I am scanning Twitter for news and I run across this study from earlier this month about the challenges facing Enterprise 2.0.
You see it over and over again. Resistence to change is always the big one on the list, followed by security fears and my favorite: questions about the return on investment.
This is the question that I love. Is their trump card to justify their resistance. Nope. Sorry, you can’t quantify the return. Done. Time for that enterprise upgrade of the legacy software. It could take one-third of our IT Department’s time but we know that process so well. Software with a social component? Maybe next year.
I guess you can say that it’s changing. To actually get work done people are turning to social tools. Of course, that’s a problem, too, especially if you are a chief security officer.
The fear? You can’t control the conversation on Twitter or Facebook. The applications are not suited for regulatory compliance.
Social media tools as we know them today do not provide an audit trail of information exchange with an easy way to access it. If you are ever the subject of an eDiscovery audit from a lawsuit, you may need to produce reports on hundreds or thousands of document transactions and other information exchanges from social media tools like Facebook and Twitter.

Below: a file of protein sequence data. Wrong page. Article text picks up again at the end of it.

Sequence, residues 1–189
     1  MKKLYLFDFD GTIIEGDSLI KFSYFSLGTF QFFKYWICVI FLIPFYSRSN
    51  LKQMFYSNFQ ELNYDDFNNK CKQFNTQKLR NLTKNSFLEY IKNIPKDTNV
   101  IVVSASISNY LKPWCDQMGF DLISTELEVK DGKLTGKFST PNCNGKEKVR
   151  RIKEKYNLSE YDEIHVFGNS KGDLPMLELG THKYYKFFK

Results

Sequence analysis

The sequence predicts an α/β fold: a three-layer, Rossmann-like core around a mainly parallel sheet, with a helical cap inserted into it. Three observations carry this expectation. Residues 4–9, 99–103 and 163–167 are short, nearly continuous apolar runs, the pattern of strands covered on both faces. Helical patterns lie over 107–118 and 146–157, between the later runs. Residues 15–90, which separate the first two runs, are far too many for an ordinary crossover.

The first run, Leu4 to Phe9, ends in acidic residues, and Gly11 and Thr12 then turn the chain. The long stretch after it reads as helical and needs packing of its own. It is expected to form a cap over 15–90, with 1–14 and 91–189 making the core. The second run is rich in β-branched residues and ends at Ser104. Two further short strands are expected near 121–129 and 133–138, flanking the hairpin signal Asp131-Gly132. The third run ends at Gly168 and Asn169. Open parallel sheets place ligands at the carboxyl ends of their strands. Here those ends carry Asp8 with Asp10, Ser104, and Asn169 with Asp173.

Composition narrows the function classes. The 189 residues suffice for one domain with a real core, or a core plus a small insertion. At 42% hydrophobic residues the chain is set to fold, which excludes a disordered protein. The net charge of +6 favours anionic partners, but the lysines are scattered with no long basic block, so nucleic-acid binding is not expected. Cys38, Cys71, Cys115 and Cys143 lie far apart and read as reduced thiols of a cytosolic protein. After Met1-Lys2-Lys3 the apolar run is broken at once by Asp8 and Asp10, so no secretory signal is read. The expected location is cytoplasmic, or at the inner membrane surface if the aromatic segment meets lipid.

That may very well be true. And there will have to be a better fit between Enterprise 2.0 and entrenched software like SharePoint. But can the fear of a lawsuit kill a business? Here’s a a test. How do sales happen? How do teams communicate? What makes customer service work for the customer?
Sales people get to know customers. They talk with them. The conversation turns into a relationship that includes a purchase.
Marketing teams brainstorm. They develop ideas through convesations. Great customer service comes from structured conversations, designed to efficiently solve problems.
The enterprise 2.0 tools are just the next evolution of business conversation. Without those tools, companies are just making it more diffiuclt for their employees to make things happen. It’s like telling the sales team not to participate in conversations with clients. Try that strategy and watch how fast those clients go away.